The backgrounds of the named plaintiffs have been sufficiently set forth in prior published opinions. See 497 F.2d 1208 (2d Cir. 1974); 365 F. Supp. 186 (S.D.N.Y.1973). Local welfare agencies have reduced or are threatening to reduce the shelter allowances of AFDC recipients on the basis of these regulations: Mrs. Hurley and her three children from $150 to $115 because she lived with a man not her husband; Mrs. Taylor and her two children from $165 to $110 because she allowed her incapacitated sister to stay with her; and Mrs. Otey and her minor son from $145 to $96.65 because she allowed an adult unemployed son to sleep in the apartment.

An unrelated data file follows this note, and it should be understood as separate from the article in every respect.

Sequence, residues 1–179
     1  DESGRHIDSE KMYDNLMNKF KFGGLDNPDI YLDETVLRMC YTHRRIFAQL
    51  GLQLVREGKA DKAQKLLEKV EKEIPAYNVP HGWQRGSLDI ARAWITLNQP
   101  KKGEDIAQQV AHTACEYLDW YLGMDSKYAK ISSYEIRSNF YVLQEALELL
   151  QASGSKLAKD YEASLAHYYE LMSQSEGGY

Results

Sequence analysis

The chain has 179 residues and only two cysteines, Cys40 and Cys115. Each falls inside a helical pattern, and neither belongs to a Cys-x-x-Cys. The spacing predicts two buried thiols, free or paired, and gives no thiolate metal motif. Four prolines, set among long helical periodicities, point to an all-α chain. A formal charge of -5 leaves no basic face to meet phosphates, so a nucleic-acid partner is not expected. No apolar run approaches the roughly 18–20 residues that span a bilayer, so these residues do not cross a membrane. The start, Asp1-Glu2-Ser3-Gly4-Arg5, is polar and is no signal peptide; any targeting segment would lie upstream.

*171 Typical of the factual situations which welfare officials must ignore in applying the mechanical regulation is that related by Mrs. D, who testified at the trial. She and her two minor children reside in Mount Vernon in an apartment characterized by Paul Davidoff, a distinguished urban planner, as "far below a modern standard for decent accommodations for a family of that size." They have received AFDC assistance for approximately the last six and one-half years. She has not seen or heard from her husband since July, 1965; when she attempted to obtain a divorce Legal Aid could not go forward with the case, she testified, because she could not afford necessary disbursements. Over the past six years Mrs. D has been hospitalized some dozen times for surgical and other treatment. Because of her illnesses and periods of convalescence, plaintiff has not been able to carry out many family and household functions; obviously she is not well and seems aged beyond her years.